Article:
Huff and puff and ...
On the heels of singer Sheryl Crow advocating "only one square" of toilet paper per bathroom visit to help reduce global warming, former President Bill Clinton is encouraging homeowners to skip the tar and shingles and lay sod roofs.
We turn to Mr. Clinton's appearance last month at the Potomac School in Northern Virginia. As first reported by Brian Trompeter of the Sun Gazette Newspapers, the former president spoke for more than an hour on topics that, in the spirit of his former Vice President Al Gore, included climate change.
America must engage in "relentless home improvement," Mr. Clinton told the students, explaining that the environment will improve with more energy-efficient houses and products.
The former president "made a pitch for the use of sod on more roofs," noting that while tar-roof temperatures reach 150 degrees on 90-degree days, sod roofs get up to only 80 degrees.
We conducted a little research yesterday, and while sod roofs are far more common in places like African villages, we came across a pair of Vermont home builders — Tim Rice and Steve Jacob — who agree with Mr. Clinton that the time is right for a "revival of the old-time sod roof."
Better yet, the Vermonters told Mother Earth News, "the materials are easily found in most back yards."
All a turf roof needs is some undercoating preparation and a large front-end loader to hoist the soil and grass skyward. And don't worry if the sod appears uneven on the roof; that's due to the varying thicknesses of the individual pieces of turf.
"Just rake some extra dirt into the low spots until the surface of the sod is level. Any grass you cover will grow right up again," assure the builders. Oh, and "to keep the wind and rain from eroding your roof away, line its perimeter with cedar logs."
That's all there is to it. Good luck with your local board of architectural review, and don't forget the lesson of the "Three Little Pigs."
All the promises by campaigning Democrats in 2006 to have the U.S. military to begin withdrawing immediately from Iraq turned out to be empty.
Indeed, more than six months after the Democrats swept to power on Capitol Hill, the last thing Democratic National Committee ChairmanHoward Dean thought he would be hearing is President Bush propose an extended U.S. troop presence in Iraq.
"A 50-year plan for Iraq is not a strategy and it's certainly not acceptable," said a frustrated Mr. Dean.
Adding insult to injury, Republican presidential hopeful Sen. John McCain of Arizona is leaving open the possibility that Americans will grow comfortable with U.S. troops stationed in Iraq for years to come.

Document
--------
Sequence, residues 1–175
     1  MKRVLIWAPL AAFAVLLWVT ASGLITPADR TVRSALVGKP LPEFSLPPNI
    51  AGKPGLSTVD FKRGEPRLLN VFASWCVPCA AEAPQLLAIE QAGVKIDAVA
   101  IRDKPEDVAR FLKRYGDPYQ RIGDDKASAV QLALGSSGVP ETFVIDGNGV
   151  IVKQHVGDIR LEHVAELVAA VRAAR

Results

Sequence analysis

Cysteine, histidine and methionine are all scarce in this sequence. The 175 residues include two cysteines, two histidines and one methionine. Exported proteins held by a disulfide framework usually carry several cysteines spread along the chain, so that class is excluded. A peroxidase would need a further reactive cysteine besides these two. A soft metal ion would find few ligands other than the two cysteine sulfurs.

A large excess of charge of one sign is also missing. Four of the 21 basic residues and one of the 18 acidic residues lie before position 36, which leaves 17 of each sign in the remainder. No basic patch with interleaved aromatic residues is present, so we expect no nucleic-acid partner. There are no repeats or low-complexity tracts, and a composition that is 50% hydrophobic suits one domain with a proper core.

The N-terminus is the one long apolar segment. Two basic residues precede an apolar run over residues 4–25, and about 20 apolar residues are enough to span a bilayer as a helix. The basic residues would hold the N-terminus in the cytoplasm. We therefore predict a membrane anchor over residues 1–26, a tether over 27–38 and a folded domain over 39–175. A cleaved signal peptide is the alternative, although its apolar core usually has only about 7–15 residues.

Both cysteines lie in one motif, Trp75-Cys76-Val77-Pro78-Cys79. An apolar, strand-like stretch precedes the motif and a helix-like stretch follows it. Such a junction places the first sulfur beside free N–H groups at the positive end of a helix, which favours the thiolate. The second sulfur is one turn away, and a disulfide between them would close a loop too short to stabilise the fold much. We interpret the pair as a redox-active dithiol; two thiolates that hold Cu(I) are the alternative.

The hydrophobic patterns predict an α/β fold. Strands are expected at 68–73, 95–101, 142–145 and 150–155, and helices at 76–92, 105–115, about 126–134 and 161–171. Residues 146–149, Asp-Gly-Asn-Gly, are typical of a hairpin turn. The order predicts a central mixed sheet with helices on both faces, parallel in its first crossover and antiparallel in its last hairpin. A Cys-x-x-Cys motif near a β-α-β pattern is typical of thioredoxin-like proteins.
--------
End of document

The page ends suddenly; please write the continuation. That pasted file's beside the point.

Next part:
"We have had troops in South Korea for 60 years and nobody minds," Mr. McCain pointed out. "If you stay a long, long time, but have the Iraqis doing the fighting, and your people are back in the bases and away from the firing line, I think Americans would be satisfied."
Saying black history "is too often ignored," Democratic Rep. Sheila Jackson-Lee of Texas this week recalled the life of a U.S. senator whose accomplishments are all but overlooked in academic textbooks.
"During the Civil War, he helped organize Maryland's first two black regiments for the U.S. Army. In February 1870, he was elected from Mississippi to the United States Senate seat formerly held by Jefferson Davis," Mrs. Jackson-Lee says.
"Hiram Rhodes Revels was in an extraordinary position; not only was he the first African American in Congress only a few years after the Civil War had ended, but he was representing a state where black men had only been in positions of servitude."
Revels' seat did not come without controversy, she notes, and "a great debate arose in the Senate as to whether a man of color was entitled" to serve in Congress.
The argument was closed with a quote from former Republican Sen. Charles Sumner of Massachusetts, who declared: "All men are created equal, says the great Declaration [of Independence], and now a great act attests to this verity. Today we make the Declaration a reality."
The Washington law firm Skadden, Arps will provide legal advice, pro bono, to the Virginia Tech Review Panel investigating the April 16 massacre on the Blacksburg campus.
The panel, established by Virginia Gov. TimKaine and including former Homeland Security Secretary Tom Ridge, is charged with providing an objective analysis of the circumstances of the tragedy and make appropriate recommendations for the future.
"As citizens, and especially as parents, we are pleased that we are able to assist the panel with this very important inquiry," says Michael Rogan, head of Skadden's Washington office.
c John McCaslin can be reached at 202/636-3284 or email@example.com.
By John Solomon
How the government's punishing of the exposure of official wrongdoing can linger for years
Independent voices from the TWT Communities
A collection of reader guest articles, thoughts and opinions by Communities writers and breaking news and information.
A mother of three and a passionate conservative, Shirley Husar changes the game.
This column will cover anything that has anything remotely to do with the game of baseball, from the game itself to mid-summer trades to offseason moves.
Eye on Europe, the Middle East and Africa
Benghazi: The anatomy of a scandal
Vietnam Memorial adds four names
Cinco de Mayo on the Mall
NRA kicks off annual convention